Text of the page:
Meet Spotify’s answer to Apple’s Zane Lowe. There’s three of them.

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Much has been made of Apple’s poaching of Zane Lowe and, of course, a number of producers from BBC Radio 1.

What could this mean for its efforts to be a ‘curator’ of music? Can we expect to see mainstays of broadcast radio within its new digital Apple Music service?

These questions haven’t really been asked of Spotify… until now.

The streaming service has snapped up three new staff members who are all experts in given genre fields.

And like Lowe, they all come from more traditional ‘broadcast’ backgrounds:

  • Austin Kramer (pictured left): Spotify’s Global Programming Head For Electronic Culture. Kramer arrived at Spotify in April from US satellite radio giant Sirius XM, where he spent eight years. Both a presenter and programme director at Sirius, he is credited with bringing the company’s EDM channels to the forefront. His responsibilities included music selection and scheduling, brand promotion and consistency, host/DJ management, interviewing musicians and pop icons, industry relationships, scripting and overseeing channel imaging, and directing and hosting live broadcasts to millions. “There really isn’t anything he doesn’t know about electronic music culture; everyone in that world knows Austin,” said Spotify CEO Daniel Ek.
  • Tuma Basa (pictured centre): Before joining Spotify this year, Tuma Basa spent four years at BET, ten years at MTV and three years as VP of Music Programming at Revolt TV – the online hip-hop specialist broadcaster founded by Sean ‘Diddy’ Coombs. Basa held various roles at MTV during his tenure from 2002 – 2012, including Director of Music Programming Initiatives and Music Programming Consultant for MTV Jams – where he created over 2,500 hours of unique music playlists. “He’s our resident genius in hip-hop,” said Ek.
  • Mjeema Pickett (pictured right): Daniel Ek calls Pickett “our unrivalled expert on R&B who’s helped programme everything from Washington DC’s top-rated FM station to VH1’s soul channel.” She spent four years at VHI as Music Programming Co-ordinator before becoming Manager of Music Programming & Music Video Acquisitions at MTV Networks in 2009. She then stepped up to become Director of Music Programming for VH1 and VH1Soul.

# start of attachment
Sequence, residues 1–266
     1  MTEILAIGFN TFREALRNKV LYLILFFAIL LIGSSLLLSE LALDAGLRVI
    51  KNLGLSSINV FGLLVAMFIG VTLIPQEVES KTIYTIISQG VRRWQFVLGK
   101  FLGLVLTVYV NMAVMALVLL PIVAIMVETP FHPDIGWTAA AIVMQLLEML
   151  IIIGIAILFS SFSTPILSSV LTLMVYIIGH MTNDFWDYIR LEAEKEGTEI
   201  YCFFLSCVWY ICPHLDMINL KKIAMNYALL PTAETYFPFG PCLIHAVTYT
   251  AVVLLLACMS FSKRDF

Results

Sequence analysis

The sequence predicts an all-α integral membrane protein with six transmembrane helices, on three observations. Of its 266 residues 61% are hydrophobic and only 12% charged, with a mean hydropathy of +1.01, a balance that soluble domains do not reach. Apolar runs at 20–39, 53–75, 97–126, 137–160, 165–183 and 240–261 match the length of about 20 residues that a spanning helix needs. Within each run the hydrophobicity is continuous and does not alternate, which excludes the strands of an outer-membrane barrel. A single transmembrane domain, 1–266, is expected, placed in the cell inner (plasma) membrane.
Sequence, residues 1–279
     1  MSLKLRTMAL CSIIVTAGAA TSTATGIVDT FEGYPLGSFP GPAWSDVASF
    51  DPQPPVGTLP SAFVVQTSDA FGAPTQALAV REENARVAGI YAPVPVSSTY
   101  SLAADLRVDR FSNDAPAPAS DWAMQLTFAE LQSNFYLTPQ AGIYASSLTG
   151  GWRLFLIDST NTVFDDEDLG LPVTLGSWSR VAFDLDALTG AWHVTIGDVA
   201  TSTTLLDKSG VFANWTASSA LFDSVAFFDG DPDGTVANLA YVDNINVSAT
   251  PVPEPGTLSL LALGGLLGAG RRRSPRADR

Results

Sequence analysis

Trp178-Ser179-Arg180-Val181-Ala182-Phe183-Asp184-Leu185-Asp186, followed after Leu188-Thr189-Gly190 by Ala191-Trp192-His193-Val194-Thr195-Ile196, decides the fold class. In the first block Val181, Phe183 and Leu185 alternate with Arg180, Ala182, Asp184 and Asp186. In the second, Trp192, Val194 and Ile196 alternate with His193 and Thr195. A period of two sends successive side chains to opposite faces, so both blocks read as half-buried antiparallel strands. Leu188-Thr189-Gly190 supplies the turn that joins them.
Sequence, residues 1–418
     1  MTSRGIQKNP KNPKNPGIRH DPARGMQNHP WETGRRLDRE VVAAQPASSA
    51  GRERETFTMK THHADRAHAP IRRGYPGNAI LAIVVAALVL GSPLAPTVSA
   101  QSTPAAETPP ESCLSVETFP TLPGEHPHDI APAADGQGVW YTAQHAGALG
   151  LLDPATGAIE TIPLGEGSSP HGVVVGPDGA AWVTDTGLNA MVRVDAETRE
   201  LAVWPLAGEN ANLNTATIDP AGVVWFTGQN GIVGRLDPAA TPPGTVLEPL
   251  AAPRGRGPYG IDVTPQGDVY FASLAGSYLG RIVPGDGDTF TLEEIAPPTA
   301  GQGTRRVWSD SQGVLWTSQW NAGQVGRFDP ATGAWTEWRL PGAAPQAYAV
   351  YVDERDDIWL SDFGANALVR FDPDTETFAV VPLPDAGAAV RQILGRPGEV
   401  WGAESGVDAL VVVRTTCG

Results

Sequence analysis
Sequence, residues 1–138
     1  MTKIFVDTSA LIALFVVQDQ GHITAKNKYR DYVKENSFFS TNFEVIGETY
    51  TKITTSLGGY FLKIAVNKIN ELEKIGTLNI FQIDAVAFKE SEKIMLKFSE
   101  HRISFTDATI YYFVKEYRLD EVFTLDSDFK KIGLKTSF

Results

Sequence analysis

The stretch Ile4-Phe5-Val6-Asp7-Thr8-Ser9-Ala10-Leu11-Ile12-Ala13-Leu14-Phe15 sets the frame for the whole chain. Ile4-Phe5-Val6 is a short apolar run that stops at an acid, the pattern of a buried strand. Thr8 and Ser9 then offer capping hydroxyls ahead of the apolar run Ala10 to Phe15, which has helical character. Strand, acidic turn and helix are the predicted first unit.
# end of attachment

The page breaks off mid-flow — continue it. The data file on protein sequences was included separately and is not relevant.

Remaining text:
Daniel Ek said at a press conference in New York yesterday: “The music on Spotify keeps getting better and better. There’s a big reason for that, which is our people.

“Sure, of course we look at data to help figure out what our listeners like. But really another key reason for our success is that we have some of the most talented music experts working to curate the playlists that matter most to our users.

“They’re really the melody line and the beat that creates the link between awesome artists and happy fans.

“Honestly, you’d have a hard time finding anyone who is more serious and passionate about Spotify’s music. These guys are really helping shape the future of music. Thank you to them.”

Presumably Spotify has hired music curation experts in other genre fields, but the recruitment of this trio of ex-broadcast programming experts is highly significant.

As Spotify announces podcast and talk radio elements to its offering, it is starting to appear possible that a more presenter-led approach to curation could emerge in future.

Until then, Spotify now has in its midst thoroughbred programming experts.

Two of them have experience of MTV – where Zane Lowe also cut his teeth.

Apple hired Lowe in February. MBW revealed in April that the Cupertino giant had also snagged four further programming experts from BBC Radio 1.Music Business Worldwide

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  • jason1000

    Article writer clearly does not know what they are speaking of. Crediting Austin with bringing EDM to the forefront is just stupid. Instead credit artists like Rihanna, Lady Gaga, Britney Spears, Usher, SHM, and social media for bringing EDM to the forefront. Austin just rode the wave like every other clown.

  • Nice to see more music curator profiles coming to surface. I’ve just signed the dotted line to being hired as one I can proudly say. This job is a rarity and as well as possessing good ears and music knowledge understanding brands and the market is essential to being a music curator 🙂